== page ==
As the world’s largest social network, Facebook is all about connecting people with one another.
Unfortunately, for small businesses, including cosmetic surgery practices, it’s often the setting for a major disconnect, as well. All too often, business owners view the site as a way to generate new business rather than as a means to build awareness and community.
In fact, according to a recent survey by BIA/Kelsey, more small and medium businesses now view Facebook as a tool to acquire new customers (41.7%) than as a medium to build awareness (30.9%) or community (19.4%). That represents a serious disconnect between the way those businesses approach the site and the way people actually use it.
No one goes on Facebook to find a plastic surgeon; that’s not how they use the site, says Mike Wilton, Internet marketing manager for Plastic Surgery Studios. Yet, doctors get on the site and think they’re going to start seeing people ‘liking’ them and that that’s going to result in new surgeries.
As evidence, Wilton crunched the numbers for more than 60 clients who actively use social media and found that, on average, Facebook delivered a miniscule .52% of total traffic to their websites last year. And when it comes to conversions, the site delivered a grand total of 10 trackable leads (!), four of which, says Wilton, came as a result of Facebook Ad campaigns.
The data pretty much tells the story, says Wilton. People aren’t coming to doctors’ sites from Facebook and they’re definitely not converting when they do come.
Which is not to imply that maintaining a presence on Facebook is a waste of time. According to Wilton, the traffic that did come from Facebook was often more engaged than visitors from other sources, spending more time on site and viewing one more page, on average, than other visitors.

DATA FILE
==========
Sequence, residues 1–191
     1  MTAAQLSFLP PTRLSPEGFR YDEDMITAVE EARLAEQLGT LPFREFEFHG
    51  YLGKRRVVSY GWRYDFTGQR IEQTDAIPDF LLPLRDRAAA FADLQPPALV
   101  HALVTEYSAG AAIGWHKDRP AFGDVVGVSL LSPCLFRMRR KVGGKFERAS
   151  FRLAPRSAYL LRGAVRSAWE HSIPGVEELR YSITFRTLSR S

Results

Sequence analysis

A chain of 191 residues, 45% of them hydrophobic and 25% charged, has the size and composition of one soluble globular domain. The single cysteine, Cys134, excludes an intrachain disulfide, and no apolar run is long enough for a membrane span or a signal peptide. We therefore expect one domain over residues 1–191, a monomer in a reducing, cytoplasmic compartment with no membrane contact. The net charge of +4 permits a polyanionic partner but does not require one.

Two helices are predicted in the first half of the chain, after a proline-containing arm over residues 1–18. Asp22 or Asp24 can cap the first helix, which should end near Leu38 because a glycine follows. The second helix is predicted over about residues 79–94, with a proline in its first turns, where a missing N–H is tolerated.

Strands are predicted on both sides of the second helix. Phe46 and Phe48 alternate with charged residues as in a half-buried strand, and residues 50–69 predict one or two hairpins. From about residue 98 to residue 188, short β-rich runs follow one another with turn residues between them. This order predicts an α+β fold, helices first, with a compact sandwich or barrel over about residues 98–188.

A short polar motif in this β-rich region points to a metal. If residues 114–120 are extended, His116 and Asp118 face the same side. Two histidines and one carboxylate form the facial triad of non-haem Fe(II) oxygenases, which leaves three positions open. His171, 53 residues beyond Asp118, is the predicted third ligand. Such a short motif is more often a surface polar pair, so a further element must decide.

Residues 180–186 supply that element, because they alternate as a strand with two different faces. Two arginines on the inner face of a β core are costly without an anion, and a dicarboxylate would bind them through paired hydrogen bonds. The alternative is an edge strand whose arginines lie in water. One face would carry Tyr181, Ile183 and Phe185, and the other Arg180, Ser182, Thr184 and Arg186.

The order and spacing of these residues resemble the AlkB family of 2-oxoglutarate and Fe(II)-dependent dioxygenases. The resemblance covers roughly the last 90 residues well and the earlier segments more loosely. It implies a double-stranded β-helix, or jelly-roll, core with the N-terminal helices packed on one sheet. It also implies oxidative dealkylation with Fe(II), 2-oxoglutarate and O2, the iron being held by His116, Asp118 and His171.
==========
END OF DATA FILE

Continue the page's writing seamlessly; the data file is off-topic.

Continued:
As for conversions, he points to a number of occasions where people visit a doctor’s Facebook page to ask a question and then follow up with a phone call. Such “soft conversions” make it difficult to assign a hard ROI to those interactions but they clearly have value.
What to make of the above? The key is to recognize that Facebook is more about keeping existing customers in the loop — retention, in marketing speak — than it is about acquiring new ones. Think relationship first, then Facebook, not the other way around.
Doctors need to look at Facebook as a way to keep in touch with patients, to let them know what’s going on with the practice and not look at it as a typical marketing play, says Wilton. You’re not going to get a lot of ‘likes’ or a ton of new leads. At the end of the day, that’s not how people use Facebook.
1. Retention is its own form of ROI
According to Wilton, the most engagement comes from patients pursuing Botox and other services that require return visits. Emphasizing such services on Facebook not only speaks to what patients are looking for, but also offers the opportunity to provide feedback, strengthens their connection to your practice and increases the likelihood of repeat business.
2. Link the online to the offline
One reason Facebook falls flat, says Wilton, is that doctors fail to let patients know they’re on the site, which is why he recommends office signage, social buttons on practice websites, etc., that makes the case: “If you don’t provide offline information that you’re on Facebook or whatever social network you’re using, you’re not going to get that follow-up and build that community.”
Mike Wilton is the Internet Marketing Manager for Plastic Surgery Studios, a Southern California-based Plastic Surgery internet marketing company. He has worked in the SEO and Internet Marketing field since 2006 and is a regular contributor at SearchNewsCentral.com and SearchEnginePeople.com where he writes on a variety of topics related to SEO and Social Media.